Clearly today, media literacy is more than just “the media.” Today, we need to be concerned about new media (e.g. Instagram, Twitter, blogs, etc.) and how they communicate and use some of the same techniques as traditional media to communicate a message to the intended audience.

PD: Why is media illiteracy so dangerous?

FB: Those who are not media literate or do not question media messages, or do not seek out reliable, trustworthy information, are destined to be tricked, misled and fooled by advertising, politicians, propaganda and more. Many critics believe the future of our democracy is at stake due to the overwhelming media illiteracy today.

Again, in my new book, I noted a number of times during a typical year when media literacy is so important. Right now is one of those times. People living in the battleground states, for example, are being bombarded by political advertising from the presidential candidates as well as from the so-called Super PACS. One of the media issues that many in the electorate don’t consider is: who, other than the candidates, benefits from this avalanche of advertising? And the answer is “the media” themselves.

During the holiday time of year, TV is full of those ads for toys. Parents, who’ve worked hard to make a living, are going to spend money on toys because their children have been exposed to the deceptive ad tricks used by toy advertisers. Parents as well as young people have an opportunity to learn not only the techniques of persuasion, but also the techniques of production. Engaging students in making their own ads, using free, user-friendly software, is one way to begin to help them understand ad tricks and techniques.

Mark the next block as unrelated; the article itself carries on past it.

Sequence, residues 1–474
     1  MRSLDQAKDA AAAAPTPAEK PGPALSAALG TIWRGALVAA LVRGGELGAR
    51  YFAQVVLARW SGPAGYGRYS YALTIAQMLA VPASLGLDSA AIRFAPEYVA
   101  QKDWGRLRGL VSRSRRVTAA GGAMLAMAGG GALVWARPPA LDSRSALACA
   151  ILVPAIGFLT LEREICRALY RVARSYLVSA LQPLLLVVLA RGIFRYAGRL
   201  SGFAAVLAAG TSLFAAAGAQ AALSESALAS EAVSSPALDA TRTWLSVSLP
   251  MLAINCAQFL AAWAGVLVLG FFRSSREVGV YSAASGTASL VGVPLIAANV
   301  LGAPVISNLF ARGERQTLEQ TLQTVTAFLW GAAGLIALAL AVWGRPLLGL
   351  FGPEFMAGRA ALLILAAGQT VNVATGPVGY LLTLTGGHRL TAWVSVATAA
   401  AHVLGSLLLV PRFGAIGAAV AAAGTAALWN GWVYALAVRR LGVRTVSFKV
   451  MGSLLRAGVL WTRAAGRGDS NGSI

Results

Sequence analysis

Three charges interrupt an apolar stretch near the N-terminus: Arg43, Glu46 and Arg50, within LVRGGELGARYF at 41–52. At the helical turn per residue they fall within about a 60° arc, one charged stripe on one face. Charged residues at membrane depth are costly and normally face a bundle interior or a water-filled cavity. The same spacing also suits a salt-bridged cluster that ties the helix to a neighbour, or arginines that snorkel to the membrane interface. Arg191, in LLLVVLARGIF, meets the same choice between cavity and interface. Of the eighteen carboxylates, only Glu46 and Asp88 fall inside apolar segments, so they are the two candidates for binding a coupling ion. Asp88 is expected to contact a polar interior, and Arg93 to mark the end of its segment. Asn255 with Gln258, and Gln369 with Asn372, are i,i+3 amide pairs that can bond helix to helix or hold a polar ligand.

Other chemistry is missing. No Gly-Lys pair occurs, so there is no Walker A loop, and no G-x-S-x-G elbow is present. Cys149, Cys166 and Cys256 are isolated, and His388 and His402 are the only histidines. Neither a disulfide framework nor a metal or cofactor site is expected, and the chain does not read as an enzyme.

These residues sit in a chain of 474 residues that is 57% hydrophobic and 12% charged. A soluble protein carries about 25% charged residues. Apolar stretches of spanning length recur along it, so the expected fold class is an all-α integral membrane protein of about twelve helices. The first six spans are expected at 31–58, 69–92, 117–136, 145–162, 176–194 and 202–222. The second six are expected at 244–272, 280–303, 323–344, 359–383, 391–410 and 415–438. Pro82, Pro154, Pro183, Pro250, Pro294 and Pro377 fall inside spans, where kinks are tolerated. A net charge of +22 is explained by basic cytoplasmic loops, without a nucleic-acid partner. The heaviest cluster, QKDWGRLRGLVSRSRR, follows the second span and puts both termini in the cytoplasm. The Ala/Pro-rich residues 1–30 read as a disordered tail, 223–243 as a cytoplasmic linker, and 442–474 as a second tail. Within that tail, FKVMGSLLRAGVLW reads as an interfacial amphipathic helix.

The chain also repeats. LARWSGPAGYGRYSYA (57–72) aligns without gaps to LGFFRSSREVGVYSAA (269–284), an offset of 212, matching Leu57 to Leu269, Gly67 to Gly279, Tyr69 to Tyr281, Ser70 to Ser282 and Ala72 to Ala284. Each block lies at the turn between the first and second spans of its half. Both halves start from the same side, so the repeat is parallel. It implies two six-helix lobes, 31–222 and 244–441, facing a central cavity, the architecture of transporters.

The annual Super Bowl game rakes in millions of dollars in ad revenue.
Using these ads in a classroom setting is another way of embracing popular culture and teaching advertising literacy at the same time. But there are hundreds of examples, everyday, from the news to popular culture, to the Internet, as well as radio and TV.

PD: How can we get our students to care about it being media literate?

FB: I think the classroom teacher has a unique opportunity to introduce media literacy concepts and critical thinking questions every time they teach with images, film, video, news, advertising and the Internet.

In fact, in a study of state teaching standards, (published in Education Week, October 27, 1999) elements of media literacy were found to already exist in most state’s standards for English, Social Studies, Health, Art, Technology and more.

Many national organizations already recognize and recommend media literacy education. Among them: the Partnership for 21st Century Skills, Horizon Report 2012, Future Work Skills 2020, the National Board of Professional Teaching Standards and others.

Media literacy is not an add-on: it is simply a lens through which we see and understand our world. So every time a teacher uses media, they have opportunities to engage students in some simple questions: who made this, why did they make it; who is the audience; what techniques are they using to make me believe this, etc. (End of Interview)

Connect with Peter on Twitter

Click here to read Frank Baker’s OpEd Commentary that appeared in Education Week.

Frank W. Baker is the author of three books; his most recent is Media Literacy In The K-12 Classroom (ISTE, 2012). He maintains the nationally recognized Media Literacy Clearinghouse website and he conducts media literacy workshops at schools and districts across the United States. He is a consultant to the National Council of Teachers of English (NCTE). He can be reached at: fbaker1346@aol.com

The opinions expressed in Peter DeWitt’s Finding Common Ground are strictly those of the author(s) and do not reflect the opinions or endorsement of Editorial Projects in Education, or any of its publications.

Events

Classroom Technology Webinar How Pandemic Tech Is (and Is Not) Transforming K-12 Schools
The COVID-19 pandemic—and the resulting rise in virtual learning and big investments in digital learning tools— helped educators propel their technology skills to the next level. Teachers have become more adept at using learning management